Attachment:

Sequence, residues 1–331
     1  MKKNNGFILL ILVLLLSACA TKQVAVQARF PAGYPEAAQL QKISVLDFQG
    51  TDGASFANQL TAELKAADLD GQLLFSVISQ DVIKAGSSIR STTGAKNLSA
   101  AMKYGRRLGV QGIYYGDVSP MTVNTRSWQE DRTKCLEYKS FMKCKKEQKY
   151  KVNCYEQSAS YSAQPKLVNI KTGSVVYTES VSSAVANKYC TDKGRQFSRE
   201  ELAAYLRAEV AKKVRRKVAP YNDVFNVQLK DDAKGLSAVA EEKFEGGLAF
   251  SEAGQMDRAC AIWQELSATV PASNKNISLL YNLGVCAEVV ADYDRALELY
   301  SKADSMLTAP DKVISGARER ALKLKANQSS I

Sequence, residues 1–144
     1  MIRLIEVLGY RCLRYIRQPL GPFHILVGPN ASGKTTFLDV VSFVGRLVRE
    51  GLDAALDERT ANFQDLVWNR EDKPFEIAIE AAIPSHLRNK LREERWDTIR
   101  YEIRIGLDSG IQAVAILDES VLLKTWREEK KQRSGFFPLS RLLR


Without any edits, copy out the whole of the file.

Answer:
Sequence, residues 1–331
     1  MKKNNGFILL ILVLLLSACA TKQVAVQARF PAGYPEAAQL QKISVLDFQG
    51  TDGASFANQL TAELKAADLD GQLLFSVISQ DVIKAGSSIR STTGAKNLSA
   101  AMKYGRRLGV QGIYYGDVSP MTVNTRSWQE DRTKCLEYKS FMKCKKEQKY
   151  KVNCYEQSAS YSAQPKLVNI KTGSVVYTES VSSAVANKYC TDKGRQFSRE
   201  ELAAYLRAEV AKKVRRKVAP YNDVFNVQLK DDAKGLSAVA EEKFEGGLAF
   251  SEAGQMDRAC AIWQELSATV PASNKNISLL YNLGVCAEVV ADYDRALELY
   301  SKADSMLTAP DKVISGARER ALKLKANQSS I

Sequence, residues 1–144
     1  MIRLIEVLGY RCLRYIRQPL GPFHILVGPN ASGKTTFLDV VSFVGRLVRE
    51  GLDAALDERT ANFQDLVWNR EDKPFEIAIE AAIPSHLRNK LREERWDTIR
   101  YEIRIGLDSG IQAVAILDES VLLKTWREEK KQRSGFFPLS RLLR